A new transfer case employs a torque-sensing (“Torsen”) mechanical limited-slip centre differential with a dial-actuated locking function. It is rear-biassed in straight-line driving situations to the tune of 41:59, but can deliver up to 70 per cent of torque to the rear wheels and 53 per cent to the front.

The revolutionary new KDSS suspension harware, standard on all but the volume-selling GXL turbo-diesel, further improves wheel articulation off-road by “de-coupling” the stabiliser bars, while improving bodyroll control on the road.

Based on a new body-on-chassis structure that's claimed to offer 40 per cent more torsional rigidity and 20 per cent more bending stiffness, the 200 is 60mm longer and 30mm wider.

Coil springs replace the 100 Series' front torsion-bar set-up to offer 15 more travel, while the four-link with lateral rod IRS is retained.

LandCruiser 200's brake package is all new, comprising 340x32mm ventilated front discs with four-piston fixed calipers and 345x18mm vented rear discs with single-piston floating callipers.

Vital off-road statistics include a 30-degree approach angle, 25-degree ramp-over angle and 20-degree departure angle, thanks to more rear overhang.

Along with A-pillars that have been pushed forward, which also improves visibility by shortening the bonnet, the larger and rounder bodyshell and all-V8 engine line-up liberates an extra 130mm of cabin length in which to house the same eight occupants.

LandCruiser's aerodynamic drag co-efficient improves from 0.39Cd to 0.35Cd, while longer-travel front and centre-row seats (240mm and 105mm respectively) increase third-row legroom. There's an extra 50mm of rear luggage floor length.

Opening the 200 Series batting is the GXL petrol auto, priced at $69,990. It features switchable VSC stability and ATC traction control, multi-terrain ABS with EBD and Brake Assist, plus Hill-start Assist Control to eliminate vehicle roll-back during start-off on steep surfaces.

Turbo-diesel examples come standard with Downhil Assist Control, which controls speed on steep descents.

All models also feature an automatic transmission, full-time 4WD system, 17-inch alloy wheels including spare wheel, dual-zone front climate-control air-conditioning with pollen filter, twin front airbags, twin front side airbags, full-length side curtain airbags for all three rows, second-row outboard seatbelt pretensioners, keyless Smart Entry and Smart Start, adjustable first and second-row seatbelt anchors, auto-locking third-row seatbelt retractors, key reminder warning, in-glass radio antenna, power windows, a six-speaker sound system and a rear spoiler.

Priced at $79,990 ($4550 more than the 100 Series GXL), the GXL turbo-diesel is expected to be the biggest-selling 200 Series variant and is claimed to gain $6390 in extra equipment, incluging a new V8 diesel, Torsen centre diff, HAC, DAC and Smart Entry/Start. Stability control, multi-terrain ABS and side and curtain airbags are all new to LandCruiser.

Also new is KDSS, which comes standard on all but the volume-selling GXL turbo-diesel, customers of which pay an extra $2500.

The mid-range VX gains twin front knee airbags, twin second-row side airbags, leather seats, leather steering wheel, leather gearshifter, powered front seats, privacy glass, front foglights, matt side steps, power windows, sunroof, door courtesy lights, overhead console, trip computer, Optitron instruments, a 40:20:40-split folding second-row seat (in lieu of 60:40-split) with twin cupholders in the centre armrest, front seat-back pockets, rear map lights, an alarm system and woodgrain interior dash trim.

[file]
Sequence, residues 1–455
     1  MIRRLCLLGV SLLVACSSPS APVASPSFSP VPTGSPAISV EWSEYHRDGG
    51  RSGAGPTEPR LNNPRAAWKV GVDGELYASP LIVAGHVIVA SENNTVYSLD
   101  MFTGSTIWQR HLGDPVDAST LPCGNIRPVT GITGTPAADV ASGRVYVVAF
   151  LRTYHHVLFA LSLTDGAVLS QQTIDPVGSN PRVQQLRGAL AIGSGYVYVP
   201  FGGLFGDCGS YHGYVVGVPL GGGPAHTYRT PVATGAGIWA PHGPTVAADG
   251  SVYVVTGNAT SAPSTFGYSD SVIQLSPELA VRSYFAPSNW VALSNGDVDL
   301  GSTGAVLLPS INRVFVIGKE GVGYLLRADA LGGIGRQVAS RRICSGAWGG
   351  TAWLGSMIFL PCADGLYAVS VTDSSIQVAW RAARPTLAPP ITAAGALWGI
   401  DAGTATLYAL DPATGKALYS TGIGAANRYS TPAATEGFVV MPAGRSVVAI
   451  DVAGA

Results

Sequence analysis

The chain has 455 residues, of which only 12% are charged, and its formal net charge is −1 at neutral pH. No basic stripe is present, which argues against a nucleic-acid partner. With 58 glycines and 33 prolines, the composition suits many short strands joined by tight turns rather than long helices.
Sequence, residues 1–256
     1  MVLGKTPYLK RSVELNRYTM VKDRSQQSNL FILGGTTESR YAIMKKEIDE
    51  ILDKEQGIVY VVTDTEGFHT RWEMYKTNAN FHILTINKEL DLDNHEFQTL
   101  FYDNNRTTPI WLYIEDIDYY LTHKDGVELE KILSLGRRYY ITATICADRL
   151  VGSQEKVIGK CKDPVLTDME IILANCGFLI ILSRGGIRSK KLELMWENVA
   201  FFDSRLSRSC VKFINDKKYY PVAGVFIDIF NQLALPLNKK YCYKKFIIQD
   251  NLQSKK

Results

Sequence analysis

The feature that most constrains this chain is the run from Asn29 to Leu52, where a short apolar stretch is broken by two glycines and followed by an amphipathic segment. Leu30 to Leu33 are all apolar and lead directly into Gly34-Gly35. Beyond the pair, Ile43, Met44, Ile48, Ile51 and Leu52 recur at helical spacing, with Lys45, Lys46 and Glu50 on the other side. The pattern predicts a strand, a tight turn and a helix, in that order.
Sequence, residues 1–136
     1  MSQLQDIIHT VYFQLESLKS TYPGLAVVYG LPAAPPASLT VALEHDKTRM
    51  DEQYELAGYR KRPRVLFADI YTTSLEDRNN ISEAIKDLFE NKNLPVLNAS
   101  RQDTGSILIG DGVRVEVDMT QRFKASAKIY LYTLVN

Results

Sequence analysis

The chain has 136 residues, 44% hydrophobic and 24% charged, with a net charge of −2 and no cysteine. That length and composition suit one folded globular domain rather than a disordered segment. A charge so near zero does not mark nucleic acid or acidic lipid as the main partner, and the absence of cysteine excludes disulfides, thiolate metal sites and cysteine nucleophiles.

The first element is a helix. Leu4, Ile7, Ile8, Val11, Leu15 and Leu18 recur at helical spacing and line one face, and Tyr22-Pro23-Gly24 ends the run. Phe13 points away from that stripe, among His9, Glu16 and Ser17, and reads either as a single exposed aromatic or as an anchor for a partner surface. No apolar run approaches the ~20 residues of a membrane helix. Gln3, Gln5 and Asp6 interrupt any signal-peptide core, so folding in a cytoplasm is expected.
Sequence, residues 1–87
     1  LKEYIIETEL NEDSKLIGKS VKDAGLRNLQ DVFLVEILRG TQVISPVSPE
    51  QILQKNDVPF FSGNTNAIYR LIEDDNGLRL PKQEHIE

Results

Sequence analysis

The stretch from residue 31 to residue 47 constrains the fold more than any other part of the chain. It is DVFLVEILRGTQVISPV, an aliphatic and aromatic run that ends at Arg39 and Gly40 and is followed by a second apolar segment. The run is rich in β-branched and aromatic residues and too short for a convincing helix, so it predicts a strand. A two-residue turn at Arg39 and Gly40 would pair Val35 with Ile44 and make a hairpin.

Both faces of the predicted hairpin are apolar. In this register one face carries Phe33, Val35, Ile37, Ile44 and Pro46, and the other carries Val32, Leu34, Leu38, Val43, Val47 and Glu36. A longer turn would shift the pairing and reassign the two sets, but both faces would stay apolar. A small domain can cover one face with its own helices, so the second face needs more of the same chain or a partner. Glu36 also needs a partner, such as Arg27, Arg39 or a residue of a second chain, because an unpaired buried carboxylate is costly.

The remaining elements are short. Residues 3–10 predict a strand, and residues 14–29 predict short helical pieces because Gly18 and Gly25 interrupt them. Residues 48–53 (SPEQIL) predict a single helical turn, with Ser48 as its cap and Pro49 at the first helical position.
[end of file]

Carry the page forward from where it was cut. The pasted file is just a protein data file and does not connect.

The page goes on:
The VX costs $10,000 more than the GXL, priced at $79,990 for the petrol (the same as the diesel GXL) and $89,990 for the diesel. While the petrol VX gains a sub fuel tank, both VX versions come with KDSS as standard.

Finally, the range-topping Sahara adds a reversing camera, satellite DVD navigation with touch-screen and Bluetooth connectivity, a nine-speaker sound system with six-CD/DVD/MP3 changer, four-zone climate-control, steering wheel controls, a power-adjustable steering wheel, power-folding wing mirrors, headlight washers, anti-glare rear-view mirror, a wood/leather gearshifter and steering wheel with remote audio controls, and a cool box. The Sahara costs a big $15,000 more than the VX, at $79,990 (petrol) and $104,990 (diesel).

Both petrol and diesel versions come with KDSS as standard.

Instead of the DAC system offered with diesel versions, all petrol models have Crawl Control, which works in conjunction with the new multi-terrain ABS to automatically control the engine and brakes to maintain speeds of less than 10km/h in both (low-range) forward and reverse.

Toyota Australia will offer a fixed-price service plan, which covers up to six standard scheduled services during the three-year/60,000 warranty period, each costing $180 for a total cost of $1080.

Nine exterior paint colours are available: Glacier White, Crystal Pearl, Silver Pearl, Graphite, Ebony, Merlot Red, Gold Metallic, Goldrush and Blue Storm.

Genuine 200 Series Toyota accessories will include an alloy bumper-replacement bullbar, a heavy-duty steel bullbar, winch, alloy roof rack, 18-inch five-spoke alloy wheels, 150kg three-bar roof rack set, 170kg alloy luggage tray and a tyre pressure monitoring system.

Toyota expects to match or better the 100 Series' selling rate of 800 per month by selling around 10,000 examples in the first year of sales, two-thirds of which are expected to go to current LandCruiser owners and two-thurds of which will be diesel.



“Everything Toyota has learnt in half a century of building four-wheel drives has gone into the design, development and manufacturing of the new LandCruiser 200,” said Toyota Australia senior executive director sales and marketing, David Buttner.



“It has retained the capability of the original LandCruiser, and added the comfort and convenience of a luxury sedan. New LandCruiser is more than a step forward it's a giant leap ahead in technology, performance, specification and value.”